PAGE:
Charollais sheep is a medium to large domestic sheep, originally from east central France. It has gained huge popularity internationally as a provider of high-quality meat.
|Physical Characteristics\||Wedge-shaped long and heavily muscled back; pinkish-brown head devoid of wool; both males and females are polled; short brown legs are usually not covered in wool|
|Personality Traits||Docile, easy to handle, rams are hard-working, ewes are caring mothers|
|Weight||Ram: 100 – 150 kg
Ewes: 80 – 100 kg
|Lifespan||10 years or more|
|Wool||Fine to medium dense|
|Diet||Fresh grass, other forage, pasture vegetation|
|Country of Origin||France|
History and Development
The Charollais Sheep had its origin in the early 1800’s in the Charolles and Saône-et-Loire region of France – the area famous for Charollais cattle. It is developed from crossing British Dishley Leicester with local landrace breed. The breed is mainly used as terminal sires. The Charollais rams are bred with ewes of other breeds to produce lean, fast growing lambs. The breed gained immense popularity after it was first imported from France in 1976. At present, it is among the three most numerous terminal sire breeds in the United Kingdom.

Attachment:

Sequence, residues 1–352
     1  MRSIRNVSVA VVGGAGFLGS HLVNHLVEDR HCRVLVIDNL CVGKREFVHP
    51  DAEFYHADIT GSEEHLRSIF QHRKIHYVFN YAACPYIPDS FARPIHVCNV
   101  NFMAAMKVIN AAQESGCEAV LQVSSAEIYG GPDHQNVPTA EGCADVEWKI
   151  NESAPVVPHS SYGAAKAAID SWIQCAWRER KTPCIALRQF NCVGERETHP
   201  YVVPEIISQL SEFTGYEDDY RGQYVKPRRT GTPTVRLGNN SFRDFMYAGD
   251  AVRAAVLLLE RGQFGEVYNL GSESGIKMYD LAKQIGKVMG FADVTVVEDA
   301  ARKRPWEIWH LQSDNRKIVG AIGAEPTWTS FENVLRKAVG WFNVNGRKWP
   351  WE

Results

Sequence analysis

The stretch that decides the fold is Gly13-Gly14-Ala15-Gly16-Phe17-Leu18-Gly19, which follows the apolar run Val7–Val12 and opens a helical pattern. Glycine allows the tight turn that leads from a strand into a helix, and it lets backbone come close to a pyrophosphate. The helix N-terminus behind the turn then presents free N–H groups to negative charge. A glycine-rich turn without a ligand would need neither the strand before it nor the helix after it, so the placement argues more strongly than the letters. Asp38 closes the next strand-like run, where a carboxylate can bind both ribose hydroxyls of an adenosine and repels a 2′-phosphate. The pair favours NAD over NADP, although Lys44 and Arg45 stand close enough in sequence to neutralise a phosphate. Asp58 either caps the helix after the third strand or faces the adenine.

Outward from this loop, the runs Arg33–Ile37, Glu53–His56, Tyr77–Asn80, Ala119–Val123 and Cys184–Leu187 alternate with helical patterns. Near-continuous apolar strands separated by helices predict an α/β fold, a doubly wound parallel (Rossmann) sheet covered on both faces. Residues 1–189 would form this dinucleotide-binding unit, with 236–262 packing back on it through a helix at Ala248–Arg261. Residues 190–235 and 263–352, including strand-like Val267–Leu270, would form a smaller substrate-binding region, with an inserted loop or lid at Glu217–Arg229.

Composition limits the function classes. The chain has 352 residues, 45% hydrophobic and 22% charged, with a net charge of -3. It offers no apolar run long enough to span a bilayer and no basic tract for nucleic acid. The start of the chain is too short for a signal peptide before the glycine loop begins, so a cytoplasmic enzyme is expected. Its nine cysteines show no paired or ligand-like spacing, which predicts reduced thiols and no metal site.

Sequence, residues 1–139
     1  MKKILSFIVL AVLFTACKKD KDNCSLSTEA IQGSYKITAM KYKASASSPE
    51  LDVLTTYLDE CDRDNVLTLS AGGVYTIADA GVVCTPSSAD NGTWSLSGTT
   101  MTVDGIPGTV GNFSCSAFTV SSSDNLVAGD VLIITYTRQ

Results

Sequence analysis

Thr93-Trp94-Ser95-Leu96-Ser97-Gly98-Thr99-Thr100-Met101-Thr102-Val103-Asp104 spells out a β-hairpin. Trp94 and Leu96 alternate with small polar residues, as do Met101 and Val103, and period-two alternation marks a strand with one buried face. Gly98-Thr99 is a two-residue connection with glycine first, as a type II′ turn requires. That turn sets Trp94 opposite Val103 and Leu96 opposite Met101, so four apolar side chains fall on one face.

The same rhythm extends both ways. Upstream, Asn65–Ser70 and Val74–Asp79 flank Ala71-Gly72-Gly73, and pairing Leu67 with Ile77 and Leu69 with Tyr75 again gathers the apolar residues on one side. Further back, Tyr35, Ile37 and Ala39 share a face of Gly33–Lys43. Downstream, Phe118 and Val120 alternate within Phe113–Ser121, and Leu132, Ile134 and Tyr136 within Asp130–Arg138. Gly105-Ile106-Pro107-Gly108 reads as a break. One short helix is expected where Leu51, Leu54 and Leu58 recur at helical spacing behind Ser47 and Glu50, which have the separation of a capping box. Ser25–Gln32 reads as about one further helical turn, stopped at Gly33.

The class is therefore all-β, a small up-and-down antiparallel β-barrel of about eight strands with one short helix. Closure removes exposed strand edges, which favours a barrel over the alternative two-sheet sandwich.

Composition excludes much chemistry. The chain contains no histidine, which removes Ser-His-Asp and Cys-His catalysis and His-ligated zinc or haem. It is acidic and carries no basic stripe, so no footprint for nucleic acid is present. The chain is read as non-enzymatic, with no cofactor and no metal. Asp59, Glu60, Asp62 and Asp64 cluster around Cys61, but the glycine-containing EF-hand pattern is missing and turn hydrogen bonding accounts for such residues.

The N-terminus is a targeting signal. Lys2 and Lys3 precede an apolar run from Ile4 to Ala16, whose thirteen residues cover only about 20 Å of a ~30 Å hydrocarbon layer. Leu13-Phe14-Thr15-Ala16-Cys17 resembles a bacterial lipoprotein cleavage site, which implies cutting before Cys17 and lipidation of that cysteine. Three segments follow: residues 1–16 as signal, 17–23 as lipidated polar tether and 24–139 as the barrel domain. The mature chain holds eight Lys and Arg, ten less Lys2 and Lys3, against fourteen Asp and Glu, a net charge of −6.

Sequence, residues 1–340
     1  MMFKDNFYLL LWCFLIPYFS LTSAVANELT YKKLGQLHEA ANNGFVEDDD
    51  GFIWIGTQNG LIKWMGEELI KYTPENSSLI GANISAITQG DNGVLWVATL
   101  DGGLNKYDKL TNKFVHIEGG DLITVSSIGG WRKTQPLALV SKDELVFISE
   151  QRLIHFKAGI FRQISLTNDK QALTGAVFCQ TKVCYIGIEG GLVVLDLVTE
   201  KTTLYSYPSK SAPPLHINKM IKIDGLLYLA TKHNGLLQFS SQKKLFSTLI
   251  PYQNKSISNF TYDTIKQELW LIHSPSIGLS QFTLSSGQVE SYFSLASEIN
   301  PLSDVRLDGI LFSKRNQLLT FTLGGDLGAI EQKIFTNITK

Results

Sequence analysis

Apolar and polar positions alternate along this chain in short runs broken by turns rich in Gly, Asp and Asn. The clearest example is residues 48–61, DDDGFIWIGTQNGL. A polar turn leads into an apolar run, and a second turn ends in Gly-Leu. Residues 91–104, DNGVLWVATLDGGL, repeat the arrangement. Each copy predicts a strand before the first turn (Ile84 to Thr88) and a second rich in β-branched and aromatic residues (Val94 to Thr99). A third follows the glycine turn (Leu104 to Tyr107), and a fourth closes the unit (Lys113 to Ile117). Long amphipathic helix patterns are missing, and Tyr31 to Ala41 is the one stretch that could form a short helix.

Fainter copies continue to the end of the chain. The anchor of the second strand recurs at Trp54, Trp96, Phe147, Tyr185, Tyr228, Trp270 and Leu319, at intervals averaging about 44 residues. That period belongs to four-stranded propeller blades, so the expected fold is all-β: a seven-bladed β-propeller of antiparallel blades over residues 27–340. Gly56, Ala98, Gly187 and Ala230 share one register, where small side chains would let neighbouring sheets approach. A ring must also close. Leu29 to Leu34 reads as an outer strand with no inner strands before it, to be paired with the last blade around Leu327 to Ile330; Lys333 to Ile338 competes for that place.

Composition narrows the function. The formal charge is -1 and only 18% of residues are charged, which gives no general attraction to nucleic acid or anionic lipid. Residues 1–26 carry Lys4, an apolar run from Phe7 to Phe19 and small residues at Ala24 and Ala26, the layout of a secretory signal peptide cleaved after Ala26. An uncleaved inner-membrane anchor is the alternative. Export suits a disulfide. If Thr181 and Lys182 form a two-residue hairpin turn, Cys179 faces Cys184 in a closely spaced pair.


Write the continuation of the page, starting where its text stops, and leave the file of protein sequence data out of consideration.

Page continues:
The carcass of the breed is lean and well-fleshed, producing large amounts of excellent quality meat. Moreover, the popularity of the breed has grown due to its easy lambing and fast growth rate.
The management of the Charollais Sheep is entrusted with one of the most progressive societies of the United Kingdom. The goal of the society is to develop, promote and improve the breeding of Charollais Sheep in the UK. The society organizes various projects and events to improve the quality of the breed and boost its use among commercial farmers. It also holds meetings and conferences to inform breeders about the new developments in the lamb industry.